Introduction to Arduino!

Goals of This Chapter

  • Obtain a basic understanding of microcontrollers
  • Download the Arduino code editing software

What is a Microcontroller?

The MIT Illuminations display is made up of hundreds of lights that need to be turned on, turned off, and have their colors adjusted. We'll want to control these lights programmatically, which means we'll need a small computer, running some sort of software, to vary the amount of power we deliver to each light.

This is where a microcontroller comes in! A microcontroller is a small computer that has both input and output pins that can be controlled by software that you upload. So, for example, you can use code to analyze any information coming into the microcontroller or change the output power enough to, say, turn on and off a light.

For this project, we're going to use the Arduino Uno. This is an extremely popular microcontroller designed for beginners and experienced prototypers alike in the maker community. You can. You can learn more about it here!

Arduino also has a very extensive Getting Started guide, which explains a lot of the principles of using microcontrollers in detail. The guide is lengthy, but we recommend taking a quick look and then keeping it at hand if you have questions later on!

Following Along

There are a couple of components we recommend you obtain if you'd like to follow along with this guide and build your own blinky lights.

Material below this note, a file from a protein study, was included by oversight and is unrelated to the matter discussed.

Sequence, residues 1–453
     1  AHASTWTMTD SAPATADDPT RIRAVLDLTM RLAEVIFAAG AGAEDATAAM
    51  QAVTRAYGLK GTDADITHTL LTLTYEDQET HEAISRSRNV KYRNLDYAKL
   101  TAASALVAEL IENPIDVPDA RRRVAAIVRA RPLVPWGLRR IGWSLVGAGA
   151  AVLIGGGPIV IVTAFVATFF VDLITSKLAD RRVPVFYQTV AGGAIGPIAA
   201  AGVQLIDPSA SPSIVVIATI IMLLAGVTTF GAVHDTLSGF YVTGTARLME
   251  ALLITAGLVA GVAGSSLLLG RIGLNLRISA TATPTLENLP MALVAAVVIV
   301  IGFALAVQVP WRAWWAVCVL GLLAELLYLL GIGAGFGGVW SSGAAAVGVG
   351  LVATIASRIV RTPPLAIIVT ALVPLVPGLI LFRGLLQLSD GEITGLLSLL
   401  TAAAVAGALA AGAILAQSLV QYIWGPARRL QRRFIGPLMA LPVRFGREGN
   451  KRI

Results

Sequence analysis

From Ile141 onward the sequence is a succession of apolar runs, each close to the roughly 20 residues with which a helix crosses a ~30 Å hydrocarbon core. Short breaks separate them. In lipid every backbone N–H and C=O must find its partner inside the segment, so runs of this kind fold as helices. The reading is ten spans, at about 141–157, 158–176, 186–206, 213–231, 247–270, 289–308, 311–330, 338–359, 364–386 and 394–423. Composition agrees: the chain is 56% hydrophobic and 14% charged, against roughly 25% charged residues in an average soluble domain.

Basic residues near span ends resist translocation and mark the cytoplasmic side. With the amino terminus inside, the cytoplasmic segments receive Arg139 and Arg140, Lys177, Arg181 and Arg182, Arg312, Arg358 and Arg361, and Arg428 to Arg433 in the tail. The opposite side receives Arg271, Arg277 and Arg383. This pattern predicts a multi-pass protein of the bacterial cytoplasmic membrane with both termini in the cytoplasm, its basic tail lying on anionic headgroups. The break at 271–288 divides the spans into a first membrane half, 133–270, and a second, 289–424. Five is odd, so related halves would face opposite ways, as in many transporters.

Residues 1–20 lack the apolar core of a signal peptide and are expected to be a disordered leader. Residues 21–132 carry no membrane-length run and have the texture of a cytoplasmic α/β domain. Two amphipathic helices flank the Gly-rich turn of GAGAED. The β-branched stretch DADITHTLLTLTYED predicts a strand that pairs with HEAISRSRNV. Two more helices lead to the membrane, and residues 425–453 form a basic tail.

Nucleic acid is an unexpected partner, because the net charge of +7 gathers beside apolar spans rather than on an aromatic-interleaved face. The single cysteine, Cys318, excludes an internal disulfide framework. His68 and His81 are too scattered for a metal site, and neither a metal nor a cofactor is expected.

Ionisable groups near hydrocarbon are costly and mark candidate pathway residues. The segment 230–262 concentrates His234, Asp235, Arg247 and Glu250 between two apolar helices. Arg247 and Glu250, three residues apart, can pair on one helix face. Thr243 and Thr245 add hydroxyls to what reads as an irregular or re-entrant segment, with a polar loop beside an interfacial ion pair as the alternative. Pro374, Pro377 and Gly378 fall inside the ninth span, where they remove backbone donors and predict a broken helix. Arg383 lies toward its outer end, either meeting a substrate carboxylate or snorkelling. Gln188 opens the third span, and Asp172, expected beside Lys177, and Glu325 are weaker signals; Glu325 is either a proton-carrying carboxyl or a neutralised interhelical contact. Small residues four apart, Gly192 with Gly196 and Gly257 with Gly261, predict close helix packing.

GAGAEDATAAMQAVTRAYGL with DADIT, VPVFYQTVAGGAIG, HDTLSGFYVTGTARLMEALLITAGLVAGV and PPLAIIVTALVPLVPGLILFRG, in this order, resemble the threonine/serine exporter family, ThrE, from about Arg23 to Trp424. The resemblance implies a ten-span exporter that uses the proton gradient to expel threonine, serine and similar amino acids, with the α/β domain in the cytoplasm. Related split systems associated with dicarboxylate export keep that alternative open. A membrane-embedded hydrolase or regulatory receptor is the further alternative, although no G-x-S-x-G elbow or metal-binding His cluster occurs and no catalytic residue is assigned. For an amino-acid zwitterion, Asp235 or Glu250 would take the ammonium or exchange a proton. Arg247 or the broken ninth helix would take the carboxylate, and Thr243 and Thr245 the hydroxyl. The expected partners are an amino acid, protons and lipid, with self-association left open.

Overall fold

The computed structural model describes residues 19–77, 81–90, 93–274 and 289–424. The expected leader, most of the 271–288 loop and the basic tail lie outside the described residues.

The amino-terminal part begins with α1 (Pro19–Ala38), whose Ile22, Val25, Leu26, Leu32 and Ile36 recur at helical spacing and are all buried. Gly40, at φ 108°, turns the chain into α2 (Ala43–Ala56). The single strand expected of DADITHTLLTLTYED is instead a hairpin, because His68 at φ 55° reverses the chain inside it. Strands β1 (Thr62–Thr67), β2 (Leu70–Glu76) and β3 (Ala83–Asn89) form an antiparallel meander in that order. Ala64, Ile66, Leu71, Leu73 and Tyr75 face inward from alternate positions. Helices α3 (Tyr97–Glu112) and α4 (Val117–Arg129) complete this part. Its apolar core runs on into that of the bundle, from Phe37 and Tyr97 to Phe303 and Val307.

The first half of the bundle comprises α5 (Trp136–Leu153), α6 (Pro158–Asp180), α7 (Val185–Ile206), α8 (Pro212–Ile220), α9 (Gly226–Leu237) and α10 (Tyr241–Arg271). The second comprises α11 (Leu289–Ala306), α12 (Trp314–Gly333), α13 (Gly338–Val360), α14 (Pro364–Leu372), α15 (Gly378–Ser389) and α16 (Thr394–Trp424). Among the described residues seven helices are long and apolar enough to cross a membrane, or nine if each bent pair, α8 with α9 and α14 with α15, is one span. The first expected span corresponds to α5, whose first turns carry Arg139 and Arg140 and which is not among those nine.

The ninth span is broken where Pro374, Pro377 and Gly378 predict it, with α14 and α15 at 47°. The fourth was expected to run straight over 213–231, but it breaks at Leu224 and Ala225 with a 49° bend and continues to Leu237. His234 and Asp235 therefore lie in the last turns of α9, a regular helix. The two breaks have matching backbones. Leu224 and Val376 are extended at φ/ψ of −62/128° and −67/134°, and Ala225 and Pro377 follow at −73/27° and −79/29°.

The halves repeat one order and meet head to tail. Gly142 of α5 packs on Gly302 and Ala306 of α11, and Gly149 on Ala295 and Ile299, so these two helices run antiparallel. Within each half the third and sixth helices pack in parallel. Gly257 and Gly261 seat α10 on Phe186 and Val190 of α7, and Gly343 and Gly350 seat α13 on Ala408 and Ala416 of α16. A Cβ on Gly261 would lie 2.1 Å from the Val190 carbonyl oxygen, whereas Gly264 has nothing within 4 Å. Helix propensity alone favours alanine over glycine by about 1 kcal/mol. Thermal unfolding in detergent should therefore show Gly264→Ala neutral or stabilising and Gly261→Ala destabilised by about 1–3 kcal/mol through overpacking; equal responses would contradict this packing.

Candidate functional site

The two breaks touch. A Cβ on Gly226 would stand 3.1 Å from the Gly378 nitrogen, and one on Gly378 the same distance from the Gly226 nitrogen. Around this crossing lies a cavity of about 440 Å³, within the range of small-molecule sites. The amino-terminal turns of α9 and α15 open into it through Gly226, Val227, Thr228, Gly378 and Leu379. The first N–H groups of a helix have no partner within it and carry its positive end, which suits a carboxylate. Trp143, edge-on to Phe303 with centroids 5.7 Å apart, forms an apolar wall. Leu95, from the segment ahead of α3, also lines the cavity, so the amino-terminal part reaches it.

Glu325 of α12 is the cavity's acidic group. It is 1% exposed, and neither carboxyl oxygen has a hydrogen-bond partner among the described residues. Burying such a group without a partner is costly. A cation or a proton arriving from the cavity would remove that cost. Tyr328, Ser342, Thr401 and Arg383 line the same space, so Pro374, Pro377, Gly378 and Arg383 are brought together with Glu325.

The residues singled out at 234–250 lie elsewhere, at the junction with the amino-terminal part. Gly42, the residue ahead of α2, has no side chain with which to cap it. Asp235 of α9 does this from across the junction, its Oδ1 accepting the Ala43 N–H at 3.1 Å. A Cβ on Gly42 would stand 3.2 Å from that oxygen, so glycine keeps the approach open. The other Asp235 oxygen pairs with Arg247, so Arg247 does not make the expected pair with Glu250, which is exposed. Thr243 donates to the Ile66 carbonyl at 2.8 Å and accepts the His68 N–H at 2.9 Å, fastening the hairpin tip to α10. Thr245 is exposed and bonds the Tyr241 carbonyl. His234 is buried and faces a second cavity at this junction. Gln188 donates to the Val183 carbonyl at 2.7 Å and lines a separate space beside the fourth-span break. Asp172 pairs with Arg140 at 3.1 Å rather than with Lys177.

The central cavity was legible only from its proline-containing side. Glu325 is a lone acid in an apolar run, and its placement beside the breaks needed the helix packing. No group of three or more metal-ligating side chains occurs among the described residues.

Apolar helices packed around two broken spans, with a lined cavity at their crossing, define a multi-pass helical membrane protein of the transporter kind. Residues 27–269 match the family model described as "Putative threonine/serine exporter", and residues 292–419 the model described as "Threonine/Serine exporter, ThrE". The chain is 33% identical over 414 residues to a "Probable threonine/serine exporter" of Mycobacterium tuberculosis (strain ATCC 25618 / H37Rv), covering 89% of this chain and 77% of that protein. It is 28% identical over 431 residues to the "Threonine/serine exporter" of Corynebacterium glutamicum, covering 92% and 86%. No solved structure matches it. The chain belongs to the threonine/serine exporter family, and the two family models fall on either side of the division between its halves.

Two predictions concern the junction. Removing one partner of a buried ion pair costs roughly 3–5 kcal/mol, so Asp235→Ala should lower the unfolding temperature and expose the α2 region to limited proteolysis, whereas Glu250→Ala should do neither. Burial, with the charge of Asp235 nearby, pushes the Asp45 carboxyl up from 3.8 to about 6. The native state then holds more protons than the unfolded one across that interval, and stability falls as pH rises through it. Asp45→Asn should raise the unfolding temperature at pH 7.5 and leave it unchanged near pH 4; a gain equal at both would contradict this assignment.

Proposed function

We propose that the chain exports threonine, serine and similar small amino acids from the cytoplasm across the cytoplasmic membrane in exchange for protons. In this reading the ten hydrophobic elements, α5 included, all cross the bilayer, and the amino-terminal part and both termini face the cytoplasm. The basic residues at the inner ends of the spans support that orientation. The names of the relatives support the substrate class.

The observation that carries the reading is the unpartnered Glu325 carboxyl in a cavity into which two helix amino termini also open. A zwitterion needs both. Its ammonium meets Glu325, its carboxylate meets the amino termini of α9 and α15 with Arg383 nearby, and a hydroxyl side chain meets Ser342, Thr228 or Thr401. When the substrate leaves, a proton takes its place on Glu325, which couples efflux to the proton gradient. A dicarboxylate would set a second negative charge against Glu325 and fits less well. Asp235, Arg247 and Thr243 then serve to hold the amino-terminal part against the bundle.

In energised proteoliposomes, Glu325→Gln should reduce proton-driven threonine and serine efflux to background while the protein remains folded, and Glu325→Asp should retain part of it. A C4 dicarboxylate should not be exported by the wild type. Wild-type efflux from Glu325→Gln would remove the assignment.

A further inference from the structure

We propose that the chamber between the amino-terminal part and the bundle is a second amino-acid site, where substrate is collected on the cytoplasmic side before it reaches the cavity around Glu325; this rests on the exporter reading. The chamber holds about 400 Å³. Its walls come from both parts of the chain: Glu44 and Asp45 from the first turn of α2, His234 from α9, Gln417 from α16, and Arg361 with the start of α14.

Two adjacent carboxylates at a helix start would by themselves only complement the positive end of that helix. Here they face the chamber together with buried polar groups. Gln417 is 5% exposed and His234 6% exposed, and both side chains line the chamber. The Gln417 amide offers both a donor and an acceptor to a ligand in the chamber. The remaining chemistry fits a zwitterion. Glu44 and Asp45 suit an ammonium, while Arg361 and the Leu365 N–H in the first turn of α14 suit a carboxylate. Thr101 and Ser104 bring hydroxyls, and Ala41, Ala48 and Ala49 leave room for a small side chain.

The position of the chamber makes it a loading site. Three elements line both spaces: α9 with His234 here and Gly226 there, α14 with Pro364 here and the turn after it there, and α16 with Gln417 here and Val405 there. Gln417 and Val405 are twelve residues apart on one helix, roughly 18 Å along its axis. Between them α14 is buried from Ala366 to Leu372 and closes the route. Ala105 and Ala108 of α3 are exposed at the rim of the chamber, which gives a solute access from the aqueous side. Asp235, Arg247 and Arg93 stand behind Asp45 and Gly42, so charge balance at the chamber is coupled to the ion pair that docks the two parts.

PartSourcing Link 1Sourcing Link 2
Arduino UNO Rev3 SMDArduino Website
USB A Cable*AdafruitAmazon
Male to Male Jumper CablesAdafruitAmazon
220Ω Resistors AdafruitAmazon
Individual LEDsAdafruitAmazon
Tactile Momentary ButtonAdafruitAmazon
WS2812B RGB 5050SMDAdafruitAmazon

*This is the standard A-B USB cable used to connect your computer to an Arduino. If your computer has a USB C port, we recommend getting something like this USB B to C cable so you can plug your Arduino into your computer directly without the use of an adapter.

The Arduino IDE

To write, edit, and upload software to our microcontroller, we'll be using an Arduino Integrated Development Environment, or IDE. An IDE is a program made for editing code files.

Although code files are text files and could be edited in a text-editing program, an IDE usually includes many features that help make programming easier. The Arduino IDE will specifically help us write and upload code to Arduino microcontrollers, like the Uno.

There are two versions of the Arduino IDE: a web-based version and a desktop version for Windows or Mac OS. We strongly recommend that you use the desktop version, since the board driver management is all contained within the desktop software. If you choose to use the web-based version, you will also need to use a separate plugin to manage the connection between the microcontroller and your computer. The plugin is sometimes a bit flaky.

Download the desktop version of the Arduino IDE here!

If you're looking for a bit more help downloading the IDE and getting started, you can take a look at this guide.